Marylin (Amaya) Stancroff’s Story

Facing College: Immigrant & International Students’ Stories from Mott Community College (Flint, MI)

Stancoff (Amaya)_Marylin

Marylin (Amaya) Stancroff’s Story

As retold by Jazzmin Jackson

Eighteen hours each week, its only eighteen hours each week, until I am able to have a chance of providing a better life for my family . . . only Eighteen hours.

Au Pair was my dream the moment I saw it on TV that afternoon. I knew that this was my chance to achieve my “American Dream,” but I had to get my parent’s permission.

“Can I go to America to become an Au Pair Nanny?”

“¿Porqué irías a América, cuando tu familia está aquí?”My dad said.
(Why would you go to America, when your family is here?)

“Dad, I’m tired of living the same way. I’m tired of watching Mom wash clothes with her hands, and having to live day by day with little money. I want to go to America to provide a better life for us.”

Sighing “Es esto lo que realmente quieres hacer?”My mom said.
(Is this really what you want to do?)

“Yes mom.”

I knew at this moment that my parents saw me in a different light; I was no longer just one of their children still living in Peru. I was their oldest child who was going to come to America and actually make a change for my family.

Eighteen hours each week (three hours there and back) is what I would have to travel by bus to Chiclayo, Peru to reach the closest Au Pair office. I would travel there three times a week for an entire year. During this year I was studying every possible immigration question, learning how to drive (for the first time) and learning how to speak English. If you’re thinking that this was all easy, think again!

It’s Time!

Breathe. Today was the big day, I had studied every question on this exam. I am sure that I will pass!

“ Why are you trying to enter the U.S?” the officer asked

“ I want to go to work as a nanny through the company called ‘Au Pair’”

“Where are you going?”

“New York, New York”

As you could imagine these questions were definitely challenging for someone who had just learned English, somehow I managed to get through them… until the last question.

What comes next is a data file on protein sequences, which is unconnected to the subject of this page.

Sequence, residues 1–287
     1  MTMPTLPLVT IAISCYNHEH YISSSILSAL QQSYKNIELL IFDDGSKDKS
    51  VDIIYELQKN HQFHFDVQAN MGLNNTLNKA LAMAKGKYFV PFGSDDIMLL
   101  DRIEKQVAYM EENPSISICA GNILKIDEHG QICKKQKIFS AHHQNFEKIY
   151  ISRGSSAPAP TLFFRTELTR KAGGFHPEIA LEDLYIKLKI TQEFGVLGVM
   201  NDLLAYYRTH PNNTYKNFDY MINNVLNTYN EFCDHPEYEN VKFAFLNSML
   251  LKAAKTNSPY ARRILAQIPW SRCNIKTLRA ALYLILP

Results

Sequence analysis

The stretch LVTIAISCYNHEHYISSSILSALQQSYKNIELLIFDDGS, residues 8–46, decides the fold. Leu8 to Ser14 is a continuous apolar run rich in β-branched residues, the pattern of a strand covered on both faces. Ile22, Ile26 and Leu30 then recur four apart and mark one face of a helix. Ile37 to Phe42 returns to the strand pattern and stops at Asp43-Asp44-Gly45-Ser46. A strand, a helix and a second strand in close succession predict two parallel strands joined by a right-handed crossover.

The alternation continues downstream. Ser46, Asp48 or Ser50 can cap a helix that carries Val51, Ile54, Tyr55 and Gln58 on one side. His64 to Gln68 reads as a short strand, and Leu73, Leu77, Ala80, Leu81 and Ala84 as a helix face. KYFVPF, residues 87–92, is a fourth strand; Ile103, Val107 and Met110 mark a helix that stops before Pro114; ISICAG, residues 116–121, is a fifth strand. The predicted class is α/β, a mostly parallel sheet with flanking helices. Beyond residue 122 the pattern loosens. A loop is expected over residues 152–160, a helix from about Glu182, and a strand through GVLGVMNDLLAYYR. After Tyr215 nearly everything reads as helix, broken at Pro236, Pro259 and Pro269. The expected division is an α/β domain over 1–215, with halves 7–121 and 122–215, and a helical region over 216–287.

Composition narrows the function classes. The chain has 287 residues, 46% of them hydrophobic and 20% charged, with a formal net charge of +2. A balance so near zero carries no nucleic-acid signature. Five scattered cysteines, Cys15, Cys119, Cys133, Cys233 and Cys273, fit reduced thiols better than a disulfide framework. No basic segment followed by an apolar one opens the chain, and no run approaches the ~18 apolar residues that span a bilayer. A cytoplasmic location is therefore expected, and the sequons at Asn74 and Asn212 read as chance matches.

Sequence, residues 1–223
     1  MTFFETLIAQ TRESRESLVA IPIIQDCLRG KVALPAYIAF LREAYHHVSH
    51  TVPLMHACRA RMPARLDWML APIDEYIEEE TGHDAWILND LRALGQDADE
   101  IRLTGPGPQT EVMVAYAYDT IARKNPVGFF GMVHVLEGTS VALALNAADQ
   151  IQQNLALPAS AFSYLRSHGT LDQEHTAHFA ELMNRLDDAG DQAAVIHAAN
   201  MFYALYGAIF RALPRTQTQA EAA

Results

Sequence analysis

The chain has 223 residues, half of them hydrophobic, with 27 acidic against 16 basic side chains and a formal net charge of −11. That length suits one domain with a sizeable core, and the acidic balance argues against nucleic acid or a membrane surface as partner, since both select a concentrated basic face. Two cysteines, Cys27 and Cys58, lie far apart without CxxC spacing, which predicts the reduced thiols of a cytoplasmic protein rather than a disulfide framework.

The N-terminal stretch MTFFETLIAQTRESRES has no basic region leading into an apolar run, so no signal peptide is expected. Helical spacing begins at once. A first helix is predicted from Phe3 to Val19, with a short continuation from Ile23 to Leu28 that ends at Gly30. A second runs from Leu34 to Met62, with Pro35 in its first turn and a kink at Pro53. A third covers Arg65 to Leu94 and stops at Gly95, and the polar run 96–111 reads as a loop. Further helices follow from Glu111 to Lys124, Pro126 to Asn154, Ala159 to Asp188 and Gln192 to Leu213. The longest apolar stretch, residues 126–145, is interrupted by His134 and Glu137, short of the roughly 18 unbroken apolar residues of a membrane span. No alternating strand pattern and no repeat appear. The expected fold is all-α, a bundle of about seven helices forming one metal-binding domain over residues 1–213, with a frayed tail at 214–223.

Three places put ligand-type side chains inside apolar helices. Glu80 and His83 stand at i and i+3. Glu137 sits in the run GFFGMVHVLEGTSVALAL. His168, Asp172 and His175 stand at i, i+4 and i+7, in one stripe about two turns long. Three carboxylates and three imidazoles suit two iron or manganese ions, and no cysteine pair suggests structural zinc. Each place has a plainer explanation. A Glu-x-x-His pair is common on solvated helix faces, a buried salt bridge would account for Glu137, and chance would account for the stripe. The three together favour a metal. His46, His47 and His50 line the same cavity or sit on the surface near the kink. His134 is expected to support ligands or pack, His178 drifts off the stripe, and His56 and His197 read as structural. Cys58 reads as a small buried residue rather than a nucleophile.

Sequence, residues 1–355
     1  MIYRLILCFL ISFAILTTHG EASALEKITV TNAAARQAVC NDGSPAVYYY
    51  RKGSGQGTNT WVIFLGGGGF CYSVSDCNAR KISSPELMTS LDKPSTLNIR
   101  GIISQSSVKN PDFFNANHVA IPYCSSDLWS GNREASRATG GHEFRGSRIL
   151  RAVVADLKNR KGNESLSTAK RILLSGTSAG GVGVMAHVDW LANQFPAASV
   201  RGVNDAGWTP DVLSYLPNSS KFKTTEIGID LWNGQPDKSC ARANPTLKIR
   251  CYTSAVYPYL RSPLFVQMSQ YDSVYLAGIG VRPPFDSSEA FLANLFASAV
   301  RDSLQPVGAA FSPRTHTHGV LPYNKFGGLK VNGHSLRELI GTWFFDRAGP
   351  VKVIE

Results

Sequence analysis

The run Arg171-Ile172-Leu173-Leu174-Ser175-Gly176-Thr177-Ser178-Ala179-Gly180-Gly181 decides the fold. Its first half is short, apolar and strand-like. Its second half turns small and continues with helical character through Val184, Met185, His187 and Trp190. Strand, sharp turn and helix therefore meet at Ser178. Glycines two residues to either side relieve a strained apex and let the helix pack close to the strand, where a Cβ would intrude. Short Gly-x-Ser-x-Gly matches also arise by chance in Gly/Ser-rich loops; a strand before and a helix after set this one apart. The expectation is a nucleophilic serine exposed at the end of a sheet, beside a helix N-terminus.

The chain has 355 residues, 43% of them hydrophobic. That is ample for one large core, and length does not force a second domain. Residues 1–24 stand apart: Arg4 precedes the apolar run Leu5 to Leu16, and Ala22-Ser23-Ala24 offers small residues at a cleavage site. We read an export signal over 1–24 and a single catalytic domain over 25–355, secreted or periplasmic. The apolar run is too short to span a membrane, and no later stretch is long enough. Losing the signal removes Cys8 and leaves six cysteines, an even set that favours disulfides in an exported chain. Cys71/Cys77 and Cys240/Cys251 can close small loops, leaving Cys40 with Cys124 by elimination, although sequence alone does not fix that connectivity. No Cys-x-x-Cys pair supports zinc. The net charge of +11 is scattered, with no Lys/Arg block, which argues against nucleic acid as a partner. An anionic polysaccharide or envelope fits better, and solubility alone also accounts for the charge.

“ Do you have a job already lined up?”

“ uh…uh… I don’t know” Confusion.

“¿Tienes un trabajo alineado?”

Sí, el Au Pair nos está proporcionando una familia a la llegada a los Estados Unidos.”

At this moment I was in complete disbelief; I have never heard of an officer asking a question in Spanish that was supposed to be asked ONLY in English. It was no one but God showing me favor because I would’ve not passed if he didn’t do this for me.

I was so excited to see my parents once I passed . . . 

America, I’m Here!

My first family I was paired with was a disaster in its own way. I wasn’t able to drive; therefore I only lasted a month. I was so lucky that I was then matched with Stacia, a single mother, who spoke fluent Spanish and had one son. Once I arrived to her house I was shocked because this was the first time I had seen a little boy with blond hair and blue eyes. He was so cute! During these years I was provided with my own car, the opportunity to take English classes, and start a social life. I was also able to send money back to my family so that my mom was able to get a washing machine. But things were too good to be true.

After my first two years, Au Pair sent me a letter stating that my visa would soon expire, and I would be sent back to Peru. I went to take talk to Stacia and she said, “Tell me what do you want to do, if you want to stay I will help you.”

The next day Stacia had her lawyer on the phone, and I was able to get a student visa. This meant I could start going to school and working at the same time. However, with this type of visa I was not able to go back home due to the risk of me not being able to re-enter. I missed so much back home during this period, but the one thing that hurt me the most was the day I received the phone call from mi papá saying that mi dad (granddad) had passed away. I wasn’t able to go back, because I didn’t have my papers done. I will never forget this. However, I was able to stay with this family for four years (longer than you are supposed to in the Au Pair company) and by Stacia taking me in I was able to meet John Stancroff, the man I married and built a life with.  

What a lovely thing he did for me too when we married. I always wanted to marry in the Catholic Church like my parents.  In order to get married in the Catholic Church, my husband needed to become a Catholic too.  He took classes to become a Catholic and then became baptized and confirmed.  I was the happiest bride when we were married in the Catholic Church.  My only regret is that my parent were denied the visas to come to my wedding. 

After all I have been through I have now been in America just a little over ten years. There are still days when things get hard but, I close my eyes and remember my last day in Peru . . . my family sitting at our dinner table with mi papá sitting at the end of the table, then mi mamá y dos hermanas then mi hermano (my mom, my two sisters, and my brother). And I simply remember my purpose for coming here; it was to provide a life for my family that we could not get in Peru.

I open my eyes and say, “Marylin, you’ve got this.”

Dedicated to  John Stancroff, Luis Amaya, Marina Pintado, Cintia, Yesenia ( Milady), Luis, Papa Sambo, Mama Pilar,  The Ford family.

-Jazzmin Jackson


This story originally appeared in Facing College: Immigrant & International Students’ Stories, a publication of The Facing Project that was organized by Mott Community College in Flint, Michigan.

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